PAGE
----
For its part, the CIA has assisted in 60 film and television shows since its formation in 1947. This is a much lower figure than the DoD’s but its role has nonetheless been significant.

The CIA put considerable effort into dissuading representations of its very existence throughout the 1940s and 1950s. This meant it was entirely absent from cinematic and televisual culture until a fleeting image of a partially obscured plaque in Alfred Hitchcock’s North By Northwest in 1959, as historian Simon Willmetts revealed in 2016.

North by Northwest – Original Theatrical Trailer

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The CIA soon endured an erosion of public support, while Hollywood cast the agency as villain in paranoid pictures like Three Days of the Condor and The Parallax View in the 1970s and into the 1980s.

When the CIA established an entertainment liaison office in 1996, it made up for lost time, most emphatically on the Al Pacino film The Recruit and the Osama bin Laden assassination movie Zero Dark Thirty. Leaked private memos published by our colleague Tricia Jenkins in 2016, and other memos published in 2013 by the mainstream media, indicate that each of these productions were heavily influenced by government officials. Both heightened or inflated real-world threats and dampened down government malfeasance.

One of the most surprising alterations, though, we found in an unpublished interview regarding the comedy Meet the Parents. The CIA admitted that it had asked Robert De Niro’s character not possess an intimidating array of agency torture manuals.

Nor should we see the clandestine services as simply passive, naive or ineffectual during the counterculture years or its aftermath. They were still able to derail a Marlon Brando picture about the Iran-Contra scandal (in which the US illegally sold arms to Iran) by establishing a front company run by Colonel Oliver North to outbid Brando for the rights, journalist Nicholas Shou recently claimed.

The (CIA) director’s cut

The national security state has a profound, sometimes petty, impact on what Hollywood conveys politically. On Hulk, the DoD requested “pretty radical” script alterations, according to its script notes we obtained through Freedom of Information. These included disassociating the military from the gruesome laboratories that created “a monster” and changing the codename of the operation to capture the Hulk from “Ranch Hand” to “Angry Man”. Ranch Hand had been the name of a real chemical warfare programme during the Vietnam war.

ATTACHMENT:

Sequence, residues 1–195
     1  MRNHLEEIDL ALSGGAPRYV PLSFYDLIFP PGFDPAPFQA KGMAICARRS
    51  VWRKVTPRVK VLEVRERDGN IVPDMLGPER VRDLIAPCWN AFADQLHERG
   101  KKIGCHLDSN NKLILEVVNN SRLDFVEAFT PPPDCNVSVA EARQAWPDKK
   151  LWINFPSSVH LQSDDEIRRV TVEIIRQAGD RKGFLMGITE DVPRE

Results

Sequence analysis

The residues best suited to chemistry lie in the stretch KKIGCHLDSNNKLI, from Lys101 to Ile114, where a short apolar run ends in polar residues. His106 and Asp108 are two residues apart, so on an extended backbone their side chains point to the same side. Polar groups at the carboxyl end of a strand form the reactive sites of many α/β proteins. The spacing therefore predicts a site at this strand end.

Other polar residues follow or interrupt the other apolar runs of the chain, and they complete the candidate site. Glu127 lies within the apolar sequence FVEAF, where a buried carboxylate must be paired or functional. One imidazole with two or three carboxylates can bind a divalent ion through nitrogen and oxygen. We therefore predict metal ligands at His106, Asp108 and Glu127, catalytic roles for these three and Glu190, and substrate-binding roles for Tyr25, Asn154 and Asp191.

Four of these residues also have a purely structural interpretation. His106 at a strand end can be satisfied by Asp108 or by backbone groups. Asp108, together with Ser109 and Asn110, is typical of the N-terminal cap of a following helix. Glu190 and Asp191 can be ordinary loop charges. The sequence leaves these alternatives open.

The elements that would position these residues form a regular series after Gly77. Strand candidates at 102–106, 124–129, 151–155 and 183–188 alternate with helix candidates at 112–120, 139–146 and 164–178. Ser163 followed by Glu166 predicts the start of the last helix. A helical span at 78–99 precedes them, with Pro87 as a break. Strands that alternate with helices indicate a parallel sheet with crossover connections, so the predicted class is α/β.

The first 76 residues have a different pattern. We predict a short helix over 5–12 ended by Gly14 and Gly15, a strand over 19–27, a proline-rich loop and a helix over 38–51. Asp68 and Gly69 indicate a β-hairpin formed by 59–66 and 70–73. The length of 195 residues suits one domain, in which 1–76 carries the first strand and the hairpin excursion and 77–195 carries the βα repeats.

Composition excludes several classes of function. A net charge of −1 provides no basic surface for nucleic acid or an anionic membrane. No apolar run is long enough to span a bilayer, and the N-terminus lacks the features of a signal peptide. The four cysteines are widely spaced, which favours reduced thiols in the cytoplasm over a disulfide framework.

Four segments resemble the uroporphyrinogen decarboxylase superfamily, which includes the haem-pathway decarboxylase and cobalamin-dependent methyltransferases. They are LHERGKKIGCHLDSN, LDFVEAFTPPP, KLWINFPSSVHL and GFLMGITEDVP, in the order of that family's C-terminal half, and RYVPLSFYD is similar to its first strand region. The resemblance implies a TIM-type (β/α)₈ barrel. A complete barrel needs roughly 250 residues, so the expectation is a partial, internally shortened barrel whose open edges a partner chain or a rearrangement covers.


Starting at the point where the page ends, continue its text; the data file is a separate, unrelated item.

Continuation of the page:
In making the alien movie Contact, the Pentagon “negotiated civilianization of almost all military parts”, according to the database we acquired. It removed a scene in the original script where the military worries that an alien civilization will destroy Earth with a “doomsday machine”, a view dismissed by Jodie Foster’s character as “paranoia right out of the Cold War”.

5 superheroes who served in the military

(Flickr photo by Meredith P.)


The role of the national security state in shaping screen entertainment has been underestimated and its examination long concentrated in remarkably few hands. The trickle of recent books have pushed back but only fractionally and tentatively. An earlier breakthrough occurred at the turn of the century when historians identified successful attempts in the 1950s by a senior individual at the Paramount film studio to promote narratives favorable to a CIA contact known only as “Owen”.

The new FOI documents give a much better sense of the sheer scale of state activities in the entertainment industry, which we present alongside dozens of fresh cases studies. But we still do not know the specific impact of the government on a substantial portion of films and shows. The American Navy’s Marine Corps alone admitted to us that there are 90 boxes of relevant material in its archive. The government has seemed especially careful to avoid writing down details of actual changes made to scripts in the 21st century.